Phantom pain is very confronting. For most it’s occurring in a limb that isn’t even there. How do you tell someone that you’re in a bit of bother because it feels like someone has you left hand in a vise when you don’t even have one.
An effective treatment for Phantom Pain you can try at home is Mirror Box therapy
Slowly over the years I had a new type of pain begin to develop in the neck and left shoulder. Having the arm dangling loose without the use of the shoulder muscle to support it, caused this constant drag to slowly develop into an almost ever present and chronic ache in my left shoulder and upper back. At first I got a lot of relief from heat-rubs, menthol creams and the like.
Later this was replaced by wheat-bags and more often than not I had a wheat-bag on the shoulder keeping the aches at bay. I could open my top-drawer at work and have a half-dozen different creams, lotions, rubs and assorted packs of Panadol.
Things changed for the worse and I soon began popping pain pills which had very little relief on the chronic pain, that had developed into what felt was part chronic and also part phantom. During the waves of pain that would sweep over the region it could reach a peak that I could only treat with a sharp intake of breath, held until the wave had passed. I decided to amputate the arm and went through the Public Hospital system. It took about a year and I was out of Hospital by 9am the next day.
At first it was amazing to have this freedom. No more anchor or floppy wasted-away arm to get in the way in bed, on the train, at work….etc. Of course I get my fair share of curious looks but I was pretty immune to that as the arm prior to amputation was practically wasted-away through dis-use it was just skin and bone from the elbow down.
But…probably a month later and the wheat-bag started getting used again, and over the next half-year I slowly increased it’s use. It became apparent the amputation would not solve my pain problems. No regrets at all though as it other benefits like physical freedom. Over the years I have blogged about chronic pain I have been contacted by about 6 guys with paralysed arms contemplating Amputation and I’ve said Yes each time.
Some final thoughts on Pain..
Pain is a difficult to describe beast.
I struggled to explain my experiences in the early days, especially when visiting the pain management outpatient clinic.
Doctors are fond of asking patients to rank their pain on a scale of 1 to 10, as if they were judging some contestant in a dance contest. Pain isn’t some glamorous dancer we hold up score cards to, its a sonofabitch bastard I’d like to punch in the face given the opportunity.
Your outlook towards pain affects your ability to cope.
Sound obvious? Preaching to the choir?
Probably not obvious if we listen to the amount of internet traffic regarding pain and meditation, or other alternative therapies.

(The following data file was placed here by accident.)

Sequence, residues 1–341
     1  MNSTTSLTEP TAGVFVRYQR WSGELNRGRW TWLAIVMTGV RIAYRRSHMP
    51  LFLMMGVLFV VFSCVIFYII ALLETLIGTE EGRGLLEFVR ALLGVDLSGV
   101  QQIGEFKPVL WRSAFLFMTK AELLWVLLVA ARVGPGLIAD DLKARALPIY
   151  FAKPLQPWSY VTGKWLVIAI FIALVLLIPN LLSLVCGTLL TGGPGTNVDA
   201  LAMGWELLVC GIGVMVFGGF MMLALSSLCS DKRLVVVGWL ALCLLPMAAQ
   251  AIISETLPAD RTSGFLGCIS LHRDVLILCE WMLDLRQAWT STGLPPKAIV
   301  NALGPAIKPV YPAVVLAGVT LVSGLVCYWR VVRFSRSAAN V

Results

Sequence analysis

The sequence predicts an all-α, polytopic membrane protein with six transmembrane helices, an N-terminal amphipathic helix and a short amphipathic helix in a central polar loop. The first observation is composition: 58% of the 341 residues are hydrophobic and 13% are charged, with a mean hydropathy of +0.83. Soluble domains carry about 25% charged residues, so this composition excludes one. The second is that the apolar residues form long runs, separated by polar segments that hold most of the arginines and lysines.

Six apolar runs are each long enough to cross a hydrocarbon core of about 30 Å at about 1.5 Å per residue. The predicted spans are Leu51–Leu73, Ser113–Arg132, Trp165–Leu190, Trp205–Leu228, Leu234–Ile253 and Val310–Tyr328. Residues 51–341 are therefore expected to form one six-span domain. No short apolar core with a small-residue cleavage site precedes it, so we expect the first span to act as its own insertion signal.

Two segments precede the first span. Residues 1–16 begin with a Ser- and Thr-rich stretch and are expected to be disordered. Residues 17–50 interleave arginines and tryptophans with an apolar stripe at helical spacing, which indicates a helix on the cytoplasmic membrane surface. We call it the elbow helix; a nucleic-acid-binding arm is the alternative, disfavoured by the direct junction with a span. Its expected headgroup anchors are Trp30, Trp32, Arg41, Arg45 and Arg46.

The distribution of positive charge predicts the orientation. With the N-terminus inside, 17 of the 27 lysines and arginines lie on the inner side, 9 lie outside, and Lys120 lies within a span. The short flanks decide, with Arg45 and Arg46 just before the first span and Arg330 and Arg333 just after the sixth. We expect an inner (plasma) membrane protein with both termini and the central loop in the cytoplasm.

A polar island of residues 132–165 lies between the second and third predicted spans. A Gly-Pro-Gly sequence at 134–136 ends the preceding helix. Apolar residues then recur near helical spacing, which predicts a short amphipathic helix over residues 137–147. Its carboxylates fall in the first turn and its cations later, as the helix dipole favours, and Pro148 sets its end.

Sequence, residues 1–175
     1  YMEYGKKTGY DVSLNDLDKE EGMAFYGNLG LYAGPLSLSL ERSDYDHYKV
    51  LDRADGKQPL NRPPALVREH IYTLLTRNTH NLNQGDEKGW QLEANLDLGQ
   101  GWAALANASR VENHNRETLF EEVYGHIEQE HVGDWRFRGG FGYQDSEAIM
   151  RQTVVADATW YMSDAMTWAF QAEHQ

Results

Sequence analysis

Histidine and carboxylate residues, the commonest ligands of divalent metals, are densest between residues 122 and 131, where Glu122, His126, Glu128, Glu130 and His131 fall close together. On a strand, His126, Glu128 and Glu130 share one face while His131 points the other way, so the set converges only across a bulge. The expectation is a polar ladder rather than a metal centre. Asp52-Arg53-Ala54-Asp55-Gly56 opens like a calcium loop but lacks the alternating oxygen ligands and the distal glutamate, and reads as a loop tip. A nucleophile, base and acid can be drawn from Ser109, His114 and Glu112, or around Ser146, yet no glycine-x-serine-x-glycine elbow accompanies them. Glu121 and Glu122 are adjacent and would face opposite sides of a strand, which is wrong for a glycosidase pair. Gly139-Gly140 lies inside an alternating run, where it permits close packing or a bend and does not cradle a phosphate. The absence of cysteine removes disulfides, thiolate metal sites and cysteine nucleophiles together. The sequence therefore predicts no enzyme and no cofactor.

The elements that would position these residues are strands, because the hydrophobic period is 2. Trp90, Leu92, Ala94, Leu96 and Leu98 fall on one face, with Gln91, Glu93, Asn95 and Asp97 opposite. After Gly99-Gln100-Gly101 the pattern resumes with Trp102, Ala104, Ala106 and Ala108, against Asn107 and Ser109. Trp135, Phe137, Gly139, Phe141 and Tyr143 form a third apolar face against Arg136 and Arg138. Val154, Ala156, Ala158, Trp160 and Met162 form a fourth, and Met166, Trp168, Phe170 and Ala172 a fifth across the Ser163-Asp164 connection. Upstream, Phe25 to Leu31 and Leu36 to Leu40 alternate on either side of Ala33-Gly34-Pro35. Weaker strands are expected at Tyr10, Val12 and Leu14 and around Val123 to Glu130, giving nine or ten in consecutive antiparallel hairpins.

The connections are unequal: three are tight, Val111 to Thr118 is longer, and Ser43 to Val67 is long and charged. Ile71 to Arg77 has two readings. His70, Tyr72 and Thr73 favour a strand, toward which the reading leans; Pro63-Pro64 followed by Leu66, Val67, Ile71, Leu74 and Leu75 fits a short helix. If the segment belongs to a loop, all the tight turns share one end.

Picture the vicious cycle of chronic pain leading to depression, depression causing sadness then anticipation of future pain and sadness. The actual next event of pain is then multiplied by the prior fear of the very event itself.
It feeds itself in an aggressive lust of negativity, repetition and hatred of the random visitor named pain. Pain the unwelcome guest who stays late and ruins the party.
Remain positive and keep that guest away from your house, or shrug & welcome him in when he next’s come visiting, but seat in the corner or the most boring room of your house.
Sandbag the pain or overwhelm him with positivity but do not place your defense in a chemical induced barrier that your all-too-vigilant brain is going to become all too used-to in a period you wouldn’t ever dream possible could be that short.
The minute your defense becomes predictable the beast of pain becomes excited at seeing an almost welcome opening into it’s favorite haunts. Stir it up and prepare your defense & shelter with military precision, but remember there is just as much value in remaining completely unprepared and welcome to wherever the daily events of life takes you.
Its easy to try and ignore and not so easy to admit it’s not working. They use fancy labels such as “breakthrough pain” to describe those peaks of interruption to your chronic pain that may require treatment outside your usual routine.
Don’t take it personally when your Doctor looks worried as they’re probably contemplating the risk of prescribing your next dose going towards an addict instead of a victim.
They think it takes serious research to explore the possibility that people who take drugs might take more drugs? I see almost daily reports about over-prescription. Today I read a well-written article about patient-doctor contracts that lead to this post. If we seriously think a signature on paper is going to combat the problem of chronic pain addicts, it says to me the medical community has it’s collective head in the sand.
Doctors, drop your pen. Turn away from the monitor, look your patient in the eye and ask, “How are you feeling?”
Listen to the reply.
What has changed? What is the trend? What should you do about it?